Home Asus May Be Joining The Edging-Away-From-Android-Wear Crowd

Asus May Be Joining The Edging-Away-From-Android-Wear Crowd

Asus debuted a new wearable device at Milan Design Week on Monday called the VivoWatch. While many of the specifics are still a little sketchy, a few details have filtered out via a post on Engadget—most notably its claims of a 10-day battery life.

From what we can tell, the VivoWatch is a fitness-focused wearable, but it sure seems to share a lot of design DNA with Asus’s other wearable, the ZenWatch. But based on the images and video that have surfaced so far, the VivoWatch runs some other kind of operating system.

See also: Hey, Samsung, LG And HTC—Shunning Android Wear Is A Huge Mistake

That’s One Big Battery Life

Posts published by both Engadget and Italian tech site HDBlog (the latter of which also offers some up-close video with the device) provide a few definitive details about the VivoWatch. The aforementioned 10-day battery is by far one of the VivoWatch’s most notable features. (I contacted Asus for comment on these reports, but haven’t heard back.)

There’s more. The VivoWatch will boast an optical heart rate monitor on the device’s rear, much like the Moto 360, G Watch R, Microsoft Band, and Apple Watch. Considering the janky heart rate monitoring offered by the ZenWatch (which involves holding two fingers on the device’s metal bezel, and which never seems to really work reliably), this looks like a big improvement.

The VivoWatch will track a wearer’s steps and calories burned.

It’ll also track a wearer’s activity—like calories burned and steps taken—as well as providing sleep tracking. For swimmers, or just us sweaty people, the VivoWatch will offer IP67 dust and waterproofing. Its touchscreen display rounds out the package.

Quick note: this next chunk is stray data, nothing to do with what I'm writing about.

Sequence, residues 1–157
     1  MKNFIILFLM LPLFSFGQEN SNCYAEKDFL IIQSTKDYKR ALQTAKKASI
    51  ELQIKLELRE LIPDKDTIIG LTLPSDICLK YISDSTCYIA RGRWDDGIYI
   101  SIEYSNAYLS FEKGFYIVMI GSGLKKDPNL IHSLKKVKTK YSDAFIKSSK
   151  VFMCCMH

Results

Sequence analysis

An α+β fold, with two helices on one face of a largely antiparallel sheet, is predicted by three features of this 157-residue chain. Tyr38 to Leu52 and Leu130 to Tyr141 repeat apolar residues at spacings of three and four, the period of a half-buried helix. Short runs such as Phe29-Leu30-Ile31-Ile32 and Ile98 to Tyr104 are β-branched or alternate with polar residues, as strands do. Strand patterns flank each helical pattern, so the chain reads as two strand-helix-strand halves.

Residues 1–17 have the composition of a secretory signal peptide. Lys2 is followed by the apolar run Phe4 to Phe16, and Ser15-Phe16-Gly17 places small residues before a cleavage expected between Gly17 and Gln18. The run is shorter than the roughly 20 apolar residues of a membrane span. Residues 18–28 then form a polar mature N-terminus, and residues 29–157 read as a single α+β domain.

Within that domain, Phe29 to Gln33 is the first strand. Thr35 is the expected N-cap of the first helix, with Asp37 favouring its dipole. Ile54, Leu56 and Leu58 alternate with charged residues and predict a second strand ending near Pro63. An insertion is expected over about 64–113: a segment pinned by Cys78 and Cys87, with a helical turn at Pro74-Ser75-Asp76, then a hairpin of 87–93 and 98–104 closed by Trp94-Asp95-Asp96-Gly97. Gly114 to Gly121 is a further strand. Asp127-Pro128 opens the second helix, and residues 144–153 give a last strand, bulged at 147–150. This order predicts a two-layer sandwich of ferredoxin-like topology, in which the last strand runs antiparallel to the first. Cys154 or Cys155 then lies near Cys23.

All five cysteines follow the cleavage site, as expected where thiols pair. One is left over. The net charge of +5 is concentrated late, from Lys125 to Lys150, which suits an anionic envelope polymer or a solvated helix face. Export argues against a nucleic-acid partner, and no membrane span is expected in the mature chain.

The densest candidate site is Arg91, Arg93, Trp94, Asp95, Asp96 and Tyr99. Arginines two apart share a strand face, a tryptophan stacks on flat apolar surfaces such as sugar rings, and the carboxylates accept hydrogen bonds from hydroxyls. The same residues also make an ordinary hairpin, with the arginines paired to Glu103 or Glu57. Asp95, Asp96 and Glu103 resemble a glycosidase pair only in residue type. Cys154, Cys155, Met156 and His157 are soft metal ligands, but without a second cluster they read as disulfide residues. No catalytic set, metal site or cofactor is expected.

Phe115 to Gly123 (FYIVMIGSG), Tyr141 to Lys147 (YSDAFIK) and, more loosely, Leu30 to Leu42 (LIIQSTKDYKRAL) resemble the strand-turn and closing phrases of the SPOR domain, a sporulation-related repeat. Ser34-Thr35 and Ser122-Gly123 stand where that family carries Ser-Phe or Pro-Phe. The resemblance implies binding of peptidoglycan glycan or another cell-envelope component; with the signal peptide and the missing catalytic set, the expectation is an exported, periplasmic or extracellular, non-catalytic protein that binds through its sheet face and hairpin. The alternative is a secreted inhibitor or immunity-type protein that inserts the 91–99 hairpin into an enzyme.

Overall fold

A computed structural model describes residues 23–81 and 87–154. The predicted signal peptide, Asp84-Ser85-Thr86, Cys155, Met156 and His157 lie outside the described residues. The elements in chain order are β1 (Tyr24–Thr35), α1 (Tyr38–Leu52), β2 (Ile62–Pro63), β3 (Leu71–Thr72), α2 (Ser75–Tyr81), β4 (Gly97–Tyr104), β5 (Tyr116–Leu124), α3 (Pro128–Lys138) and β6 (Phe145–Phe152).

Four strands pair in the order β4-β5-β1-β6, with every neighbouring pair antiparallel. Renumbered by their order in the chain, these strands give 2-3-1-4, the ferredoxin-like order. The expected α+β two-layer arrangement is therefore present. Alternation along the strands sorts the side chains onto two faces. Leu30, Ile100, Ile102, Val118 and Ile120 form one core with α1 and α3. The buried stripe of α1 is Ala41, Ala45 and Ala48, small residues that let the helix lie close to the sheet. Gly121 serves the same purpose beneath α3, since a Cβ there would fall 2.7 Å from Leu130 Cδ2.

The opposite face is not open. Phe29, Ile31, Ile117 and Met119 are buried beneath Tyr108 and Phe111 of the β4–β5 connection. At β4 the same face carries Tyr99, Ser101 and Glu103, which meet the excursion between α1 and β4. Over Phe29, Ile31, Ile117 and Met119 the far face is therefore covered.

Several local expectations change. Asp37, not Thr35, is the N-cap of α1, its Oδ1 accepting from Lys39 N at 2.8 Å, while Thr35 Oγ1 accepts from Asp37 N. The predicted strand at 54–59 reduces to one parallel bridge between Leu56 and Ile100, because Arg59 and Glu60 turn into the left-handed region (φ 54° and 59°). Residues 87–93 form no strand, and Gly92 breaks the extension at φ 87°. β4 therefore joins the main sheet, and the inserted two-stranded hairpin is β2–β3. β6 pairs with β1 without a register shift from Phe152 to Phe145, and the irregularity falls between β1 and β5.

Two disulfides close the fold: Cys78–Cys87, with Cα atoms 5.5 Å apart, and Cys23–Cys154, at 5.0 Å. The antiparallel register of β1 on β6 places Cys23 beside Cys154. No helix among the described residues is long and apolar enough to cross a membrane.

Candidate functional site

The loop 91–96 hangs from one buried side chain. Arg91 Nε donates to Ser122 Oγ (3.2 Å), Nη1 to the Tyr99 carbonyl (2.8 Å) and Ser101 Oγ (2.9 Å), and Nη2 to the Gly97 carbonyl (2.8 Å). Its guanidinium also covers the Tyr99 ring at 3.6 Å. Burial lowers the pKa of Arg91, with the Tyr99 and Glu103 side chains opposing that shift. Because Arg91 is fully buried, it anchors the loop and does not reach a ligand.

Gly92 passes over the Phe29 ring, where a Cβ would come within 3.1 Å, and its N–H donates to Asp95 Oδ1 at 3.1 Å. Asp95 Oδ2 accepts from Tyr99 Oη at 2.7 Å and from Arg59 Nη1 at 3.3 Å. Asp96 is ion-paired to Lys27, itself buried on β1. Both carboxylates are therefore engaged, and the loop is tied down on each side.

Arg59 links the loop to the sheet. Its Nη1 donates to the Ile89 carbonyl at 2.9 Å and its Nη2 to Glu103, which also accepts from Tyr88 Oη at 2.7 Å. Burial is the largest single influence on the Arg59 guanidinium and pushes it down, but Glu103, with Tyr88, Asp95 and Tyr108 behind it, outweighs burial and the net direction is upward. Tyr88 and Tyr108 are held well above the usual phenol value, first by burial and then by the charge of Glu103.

All told, the VivoWatch sounds like a great new fitness tracker. But it looks a whole lot like a smartwatch.

Smartwatch Looks

The fact that the VivoWatch seems to share a design pedigree with the ZenWatch isn’t necessarily a bad thing. I own a ZenWatch, and while I’m not totally in love with it, I still think it’s the best looking Android Wear device released yet—not to mention one of the most affordable at only $199.

The VivoWatch is a dead ringer for its Android Wear cousin, the ZenWatch.

However, the ZenWatch just hasn’t been great when engaging in physical activity. It’s not huge, but it is a bit bulky. It clunks around when swinging my arms, and it gets pretty gross when I start to sweat. Seeing as how the VivoWatch looks simply like the ZenWatch’s little brother, I have to wonder why Asus decided to go with a slight variation on that design rather than going with something a bit sleeker.

Asus ZenWatch

Moreover, it’s a little funny that the VivoWatch doesn’t appear to run Android Wear, despite looking so similar to the Asus device that does. Asus boss Johnney Shih has said publicly that he wanted the ZenWatch’s successor to last longer and run on a “more simplified” operating system. That sure sounds a lot like the VivoWatch to me.

As Milan Design Week continues, Asus will probably offer up more details about release date and price. But aside from those specifics, the VivoWatch raises broader questions about whether or not we’ll ever see an Android Wear follow-up from Asus, or if this is yet another Google hardware partner looking to carve its own software path.

VivoWatch images screencapped from HDBlog on YouTube; ZenWatch image courtesy of Asus

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